The past week, I’ve (Amy) interviewed a few people I know who are frequent visitors of cafes and restaurants. All the interviewees’ bilingualism came from a second language, either native or learnt. All interviewees were born in Australia and had English as their first language. Whilst I had expected similar results because of this factor, I found that there were varying answers across all interviews, due to interviewees’ differing language level as well as how confident they felt speaking it in public to other people.
Between the three Chinese interviewees, there was a significant difference in language level, particularly in speaking. One interviewee was only able to speak Cantonese, very minimally. However, despite not having a large Cantonese vocabulary bank, he not only still uses Cantonese at home with parents, but also orders in Cantonese at Chinese restaurants (particularly yumcha, where many of the servers are capable of speaking Cantonese, Mandarin or both).
“I once had to call up my mum to find out the name of a dish in Cantonese because I didn’t know it in English or Cantonese.”
This was due to the fact that the only way he knew how to say the dish was in Cantonese and it would’ve been easier for the waiter to understand what he wanted as well. This may have been a result of constantly ordering in Cantonese and never using the English equivalent of the dish’s name. From this interview, it was interesting to see the types of situations one might use their second language.
The other two interviewees had an intermediate to advanced level of Chinese, where they could speak both Cantonese and Mandarin, as well as read Chinese. They were confident enough to switch between both Chinese and English when ordering at Chinese restaurants, as well as apply for a job that was completely in Chinese. However, in contrast, one would choose to visit a non-Chinese restaurant, where the other would feel more comfortable in a Chinese restaurant with majority Asian customers.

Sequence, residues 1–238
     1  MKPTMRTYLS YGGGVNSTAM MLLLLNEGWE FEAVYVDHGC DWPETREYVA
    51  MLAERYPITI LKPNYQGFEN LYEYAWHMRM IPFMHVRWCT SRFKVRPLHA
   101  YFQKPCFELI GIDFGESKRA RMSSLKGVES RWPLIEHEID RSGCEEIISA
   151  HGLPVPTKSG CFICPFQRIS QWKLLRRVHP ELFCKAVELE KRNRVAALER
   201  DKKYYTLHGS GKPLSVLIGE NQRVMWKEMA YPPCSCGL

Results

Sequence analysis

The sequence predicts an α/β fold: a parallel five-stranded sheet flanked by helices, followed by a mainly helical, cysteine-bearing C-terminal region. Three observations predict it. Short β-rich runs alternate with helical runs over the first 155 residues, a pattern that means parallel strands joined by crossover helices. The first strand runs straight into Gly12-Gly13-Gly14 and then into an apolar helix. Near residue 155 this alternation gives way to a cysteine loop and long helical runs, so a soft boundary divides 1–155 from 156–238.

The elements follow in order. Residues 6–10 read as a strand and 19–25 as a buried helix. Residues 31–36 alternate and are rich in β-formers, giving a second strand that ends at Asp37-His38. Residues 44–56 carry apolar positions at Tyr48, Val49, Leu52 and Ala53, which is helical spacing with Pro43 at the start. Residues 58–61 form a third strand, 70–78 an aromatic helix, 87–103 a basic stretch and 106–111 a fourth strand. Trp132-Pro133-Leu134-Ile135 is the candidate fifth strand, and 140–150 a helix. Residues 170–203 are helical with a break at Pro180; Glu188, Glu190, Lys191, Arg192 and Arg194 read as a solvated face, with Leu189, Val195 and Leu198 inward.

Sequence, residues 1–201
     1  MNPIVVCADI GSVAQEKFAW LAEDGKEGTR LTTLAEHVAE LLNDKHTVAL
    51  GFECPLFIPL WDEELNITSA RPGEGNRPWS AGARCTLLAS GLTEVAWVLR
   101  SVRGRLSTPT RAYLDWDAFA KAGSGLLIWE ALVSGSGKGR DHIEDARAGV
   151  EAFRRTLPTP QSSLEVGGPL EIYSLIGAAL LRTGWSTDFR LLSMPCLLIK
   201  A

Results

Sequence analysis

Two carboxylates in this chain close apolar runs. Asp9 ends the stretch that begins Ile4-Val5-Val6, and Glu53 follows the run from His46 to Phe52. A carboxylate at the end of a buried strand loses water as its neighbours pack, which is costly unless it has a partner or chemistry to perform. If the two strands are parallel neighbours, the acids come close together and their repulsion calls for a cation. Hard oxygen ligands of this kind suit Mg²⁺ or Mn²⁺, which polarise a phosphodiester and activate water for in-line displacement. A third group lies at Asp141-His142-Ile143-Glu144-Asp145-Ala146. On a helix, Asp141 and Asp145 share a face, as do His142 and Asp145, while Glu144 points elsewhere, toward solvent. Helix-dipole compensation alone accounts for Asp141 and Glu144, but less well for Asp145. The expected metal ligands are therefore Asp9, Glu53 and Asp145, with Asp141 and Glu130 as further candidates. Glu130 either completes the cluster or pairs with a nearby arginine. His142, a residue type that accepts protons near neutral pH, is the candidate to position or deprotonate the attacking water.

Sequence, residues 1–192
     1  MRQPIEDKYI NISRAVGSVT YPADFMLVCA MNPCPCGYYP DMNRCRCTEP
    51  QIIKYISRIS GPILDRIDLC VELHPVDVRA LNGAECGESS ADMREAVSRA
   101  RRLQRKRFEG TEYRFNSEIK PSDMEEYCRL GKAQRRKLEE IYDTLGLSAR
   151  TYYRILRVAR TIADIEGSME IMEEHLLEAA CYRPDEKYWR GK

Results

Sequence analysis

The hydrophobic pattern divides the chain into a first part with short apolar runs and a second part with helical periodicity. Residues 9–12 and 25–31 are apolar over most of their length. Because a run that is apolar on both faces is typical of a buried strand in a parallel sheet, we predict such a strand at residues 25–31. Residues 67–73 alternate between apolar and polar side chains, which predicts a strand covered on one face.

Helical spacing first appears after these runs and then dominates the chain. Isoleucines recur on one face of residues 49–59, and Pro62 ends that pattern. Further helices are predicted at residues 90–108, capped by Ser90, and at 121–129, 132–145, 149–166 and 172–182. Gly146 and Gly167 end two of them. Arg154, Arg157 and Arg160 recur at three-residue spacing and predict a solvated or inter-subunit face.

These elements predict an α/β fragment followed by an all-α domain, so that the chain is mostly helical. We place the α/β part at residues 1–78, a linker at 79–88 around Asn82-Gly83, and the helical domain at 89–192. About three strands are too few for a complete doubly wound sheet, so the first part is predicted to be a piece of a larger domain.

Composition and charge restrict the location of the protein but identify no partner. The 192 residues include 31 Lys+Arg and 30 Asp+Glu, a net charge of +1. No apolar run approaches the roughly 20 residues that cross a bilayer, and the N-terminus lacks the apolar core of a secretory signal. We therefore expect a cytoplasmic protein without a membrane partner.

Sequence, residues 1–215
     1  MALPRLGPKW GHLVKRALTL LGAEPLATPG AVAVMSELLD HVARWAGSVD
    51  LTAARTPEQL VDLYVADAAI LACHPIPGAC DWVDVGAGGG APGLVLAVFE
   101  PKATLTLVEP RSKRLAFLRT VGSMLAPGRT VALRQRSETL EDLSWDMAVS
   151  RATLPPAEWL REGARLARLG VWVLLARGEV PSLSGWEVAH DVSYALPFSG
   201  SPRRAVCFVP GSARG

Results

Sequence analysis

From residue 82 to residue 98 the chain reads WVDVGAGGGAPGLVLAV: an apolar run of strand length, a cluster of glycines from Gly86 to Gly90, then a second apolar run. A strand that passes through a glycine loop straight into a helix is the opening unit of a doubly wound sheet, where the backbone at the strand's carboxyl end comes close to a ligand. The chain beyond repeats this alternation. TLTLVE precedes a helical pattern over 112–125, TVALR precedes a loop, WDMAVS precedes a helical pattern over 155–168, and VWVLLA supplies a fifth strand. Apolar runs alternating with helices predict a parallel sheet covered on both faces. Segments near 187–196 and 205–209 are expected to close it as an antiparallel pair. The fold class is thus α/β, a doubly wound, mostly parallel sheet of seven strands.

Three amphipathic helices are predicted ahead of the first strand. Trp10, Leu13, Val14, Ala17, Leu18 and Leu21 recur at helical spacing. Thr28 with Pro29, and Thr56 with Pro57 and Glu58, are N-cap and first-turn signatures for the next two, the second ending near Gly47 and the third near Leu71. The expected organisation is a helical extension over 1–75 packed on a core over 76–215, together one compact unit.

Both have also worked at The Coffee Club in Merrylands, where the demographic is majority Lebanese. They have also used Chinese with customers, where needed.
When interviewing the Vietnamese interviewee, it was interesting to compare the different situations where the interviewee would be willing to use the language.
“If the waiter’s older, I’d use Vietnamese. If they’re younger, I’d probably use English.”
The hesitation before speaking Vietnamese to younger waiters was from the assumption that they may be like herself, where Vietnamese is their second language and they feel more comfortable speaking English. This factor can also be influenced by the setting, as she found it easier to speak Vietnamese in Cabramatta, where the demographic is mostly Asian, as opposed to Bondi Junction.
With the French interviewee, it was interesting to note that French was not her native language, but rather a language she was learning. Despite this factor, she would choose to read French over English, if given a bilingual sign or menu. Where possible, she would also attempt to order in French or speak to the waiter in French. This greatly contrasted with many of the other interviewees, where their second language was their native language, yet they would still be drawn to speaking and reading English. From this interview, I could tell that the motivation and willingness to learn a language can have an impact on when they’d use it in public.
Despite many of these differences in level between all the languages, all interviewees were more than willing to order food in their second language and would do so readily, as though it were their first language. However, confidence, motivation and setting had a strong influence on the type of situation they’d do so.